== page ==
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Casey Currie at the 2016 Off Road Championship Series at the AMSOIL Cup at Crandon
NEWS

2016 Crandon International

Sep 072016

Crandon International Off-Road Raceway, the Big House, brings of images of short course racing’s most historic moments. While the town of Crandon, Wisconsin is your picturesque and sleepy town, for one week The Off-Road Championship wakes up the town with off road racing excitement. For Monster Energy the weekend caps off an amazing year that CJ and Johnny Greaves had in Pro 4WD, CJ’s near dominance in Pro 2WD, and brings in  a pair of “out of towners” with Casey Currie and Kyle LeDuc for the Crandon World Championships and Amsoil Cup. It all ends with CJ Greaves taking home both the Pro 2WD and Pro 4WD championships to cement the name Greaves as the dominate family in TORC.

 
If you don’t recognize the name Crandon, you probably haven’t been watching the most exciting motorsport in recent history. The thirteenth and final round of the TORC Series takes place in the Mid-Western town of Crandon, Wisconsin and is one of the fastest tracks these drivers race at. “Crandon’s the bad boy of off-road and everyone wants to be a part of it,” reported CJ Greaves to TORC, “Crandon brings in everyone because it’s just plain fast – you’re doing 100 miles per hour through Turn One, sideways.” It has enough of a legend that drivers from other series come out to compete. Monster Energy Drivers Casey Currie and Kyle LeDuc, who both normally compete in LOORRS, come out to Crandon to try and earn their own legacies at the track that’s been The Big House for forty-seven years..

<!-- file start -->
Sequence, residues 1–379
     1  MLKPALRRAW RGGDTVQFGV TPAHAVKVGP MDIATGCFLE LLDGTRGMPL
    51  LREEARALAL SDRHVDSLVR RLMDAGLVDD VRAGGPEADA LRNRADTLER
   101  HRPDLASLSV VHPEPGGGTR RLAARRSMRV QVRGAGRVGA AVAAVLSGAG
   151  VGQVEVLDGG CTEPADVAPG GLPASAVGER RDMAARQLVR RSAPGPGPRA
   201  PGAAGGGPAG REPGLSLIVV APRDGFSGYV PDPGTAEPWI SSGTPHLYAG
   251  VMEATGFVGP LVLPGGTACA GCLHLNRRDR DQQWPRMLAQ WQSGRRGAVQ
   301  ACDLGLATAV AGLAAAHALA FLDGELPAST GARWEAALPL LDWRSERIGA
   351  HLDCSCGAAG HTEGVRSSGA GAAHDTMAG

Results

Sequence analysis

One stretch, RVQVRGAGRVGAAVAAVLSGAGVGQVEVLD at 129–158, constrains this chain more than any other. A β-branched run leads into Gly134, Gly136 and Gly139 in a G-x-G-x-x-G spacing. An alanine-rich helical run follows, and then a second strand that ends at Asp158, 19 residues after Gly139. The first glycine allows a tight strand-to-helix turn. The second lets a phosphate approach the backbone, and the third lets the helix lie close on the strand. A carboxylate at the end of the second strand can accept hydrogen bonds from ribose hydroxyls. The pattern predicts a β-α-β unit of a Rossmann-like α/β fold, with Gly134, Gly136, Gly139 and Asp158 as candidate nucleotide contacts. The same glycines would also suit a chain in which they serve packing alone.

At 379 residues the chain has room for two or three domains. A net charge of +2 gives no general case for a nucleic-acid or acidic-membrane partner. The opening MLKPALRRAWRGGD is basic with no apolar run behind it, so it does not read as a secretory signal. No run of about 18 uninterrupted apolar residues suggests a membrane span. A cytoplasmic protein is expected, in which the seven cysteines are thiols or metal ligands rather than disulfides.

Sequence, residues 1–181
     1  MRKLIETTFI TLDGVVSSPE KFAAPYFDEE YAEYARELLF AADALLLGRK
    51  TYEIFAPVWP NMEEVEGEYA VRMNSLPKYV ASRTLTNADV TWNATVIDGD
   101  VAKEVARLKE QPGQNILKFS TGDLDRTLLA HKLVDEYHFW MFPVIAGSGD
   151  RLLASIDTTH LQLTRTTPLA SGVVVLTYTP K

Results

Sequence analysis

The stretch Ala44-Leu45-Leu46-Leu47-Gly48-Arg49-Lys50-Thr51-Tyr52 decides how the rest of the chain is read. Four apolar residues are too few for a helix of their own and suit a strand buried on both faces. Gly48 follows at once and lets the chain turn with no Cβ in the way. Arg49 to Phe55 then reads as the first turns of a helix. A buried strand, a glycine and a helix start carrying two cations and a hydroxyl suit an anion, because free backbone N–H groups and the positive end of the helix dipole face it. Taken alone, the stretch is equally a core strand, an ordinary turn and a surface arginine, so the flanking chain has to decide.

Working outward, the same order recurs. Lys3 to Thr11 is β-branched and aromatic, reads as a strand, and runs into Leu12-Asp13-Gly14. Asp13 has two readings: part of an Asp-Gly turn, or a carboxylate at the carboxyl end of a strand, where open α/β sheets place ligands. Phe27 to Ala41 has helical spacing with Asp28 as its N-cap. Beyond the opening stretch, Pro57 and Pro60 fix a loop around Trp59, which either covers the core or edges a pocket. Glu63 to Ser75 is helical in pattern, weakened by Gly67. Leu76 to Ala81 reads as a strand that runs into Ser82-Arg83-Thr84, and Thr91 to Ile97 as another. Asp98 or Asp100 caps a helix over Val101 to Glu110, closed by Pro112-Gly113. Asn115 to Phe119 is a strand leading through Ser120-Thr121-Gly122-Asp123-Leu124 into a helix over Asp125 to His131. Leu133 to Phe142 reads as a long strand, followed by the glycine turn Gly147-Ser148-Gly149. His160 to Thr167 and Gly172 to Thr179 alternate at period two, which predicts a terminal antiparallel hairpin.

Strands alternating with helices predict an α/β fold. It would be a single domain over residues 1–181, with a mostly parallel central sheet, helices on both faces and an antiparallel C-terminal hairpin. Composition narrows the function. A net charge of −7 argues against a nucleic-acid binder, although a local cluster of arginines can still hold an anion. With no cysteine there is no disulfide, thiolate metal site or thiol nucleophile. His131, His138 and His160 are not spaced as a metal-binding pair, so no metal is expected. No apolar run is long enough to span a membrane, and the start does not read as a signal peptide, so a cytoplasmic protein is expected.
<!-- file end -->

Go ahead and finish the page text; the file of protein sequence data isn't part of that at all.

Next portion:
The Final Round of the 2016 TORC Season

The Pro Championships start the weekend with the Atturo Tire Pro Light class. While this class normally sees up to 15 trucks at any given round, Crandon brought out every Pro Light truck in the country with a large, 20-truck field. Casey Currie in the Monster Energy Jeep Wrangler Pro Light would start the field in the number seventeen position. While that would normally be a huge disadvantage with a rolling start, we get to see the first unique feature of Crandon: the Land Rush start.

 

Much like Monster Energy Supercross Series, the drivers all line up across the starting area. One by one, each driver gives a thumbs-up to “Cowboy” as he runs down the line to see if they are all ready. He then gives his approval to the starting box and the drivers will have a 15-second period before

 they start. Once that green is waived the trucks rush down into Turn One and are hitting nearly 100-MPH by the time they get there and the track narrows up before then. If you don’t get into position, you’ll be shoved into it or rolling onto your roof. That’s just how Crandon starts.

 

By the time he exited Turn One, Casey Currie had moved up to the Top 10 using his motocross starting skills to their fullest. By the time he reached the official start/finish line he was in the Top 5. Currie was making the most of these nine laps Pro Light runs on this long course and would stay there through most of the race. After the competition caution, Cam Reimers spun in Turn Two allowing Currie to drive by him and take fourth place, the position he would finish at The Big House for 2016.